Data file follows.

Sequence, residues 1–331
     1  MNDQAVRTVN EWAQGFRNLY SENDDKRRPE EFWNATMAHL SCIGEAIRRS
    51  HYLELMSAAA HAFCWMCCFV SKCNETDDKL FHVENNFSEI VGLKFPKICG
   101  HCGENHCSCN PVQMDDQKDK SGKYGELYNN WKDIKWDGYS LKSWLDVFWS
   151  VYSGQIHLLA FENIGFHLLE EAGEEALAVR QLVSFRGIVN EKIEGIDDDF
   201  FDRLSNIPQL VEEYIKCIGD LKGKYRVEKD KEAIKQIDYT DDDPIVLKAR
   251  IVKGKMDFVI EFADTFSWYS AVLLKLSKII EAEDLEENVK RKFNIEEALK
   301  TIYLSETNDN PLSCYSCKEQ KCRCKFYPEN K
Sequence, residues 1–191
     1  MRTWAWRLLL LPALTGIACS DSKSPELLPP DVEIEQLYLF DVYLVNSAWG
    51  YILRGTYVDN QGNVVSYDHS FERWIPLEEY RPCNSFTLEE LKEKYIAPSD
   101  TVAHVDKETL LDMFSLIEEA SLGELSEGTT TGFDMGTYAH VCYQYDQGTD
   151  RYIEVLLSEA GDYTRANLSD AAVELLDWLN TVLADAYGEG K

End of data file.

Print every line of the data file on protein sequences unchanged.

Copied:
Sequence, residues 1–331
     1  MNDQAVRTVN EWAQGFRNLY SENDDKRRPE EFWNATMAHL SCIGEAIRRS
    51  HYLELMSAAA HAFCWMCCFV SKCNETDDKL FHVENNFSEI VGLKFPKICG
   101  HCGENHCSCN PVQMDDQKDK SGKYGELYNN WKDIKWDGYS LKSWLDVFWS
   151  VYSGQIHLLA FENIGFHLLE EAGEEALAVR QLVSFRGIVN EKIEGIDDDF
   201  FDRLSNIPQL VEEYIKCIGD LKGKYRVEKD KEAIKQIDYT DDDPIVLKAR
   251  IVKGKMDFVI EFADTFSWYS AVLLKLSKII EAEDLEENVK RKFNIEEALK
   301  TIYLSETNDN PLSCYSCKEQ KCRCKFYPEN K
Sequence, residues 1–191
     1  MRTWAWRLLL LPALTGIACS DSKSPELLPP DVEIEQLYLF DVYLVNSAWG
    51  YILRGTYVDN QGNVVSYDHS FERWIPLEEY RPCNSFTLEE LKEKYIAPSD
   101  TVAHVDKETL LDMFSLIEEA SLGELSEGTT TGFDMGTYAH VCYQYDQGTD
   151  RYIEVLLSEA GDYTRANLSD AAVELLDWLN TVLADAYGEG K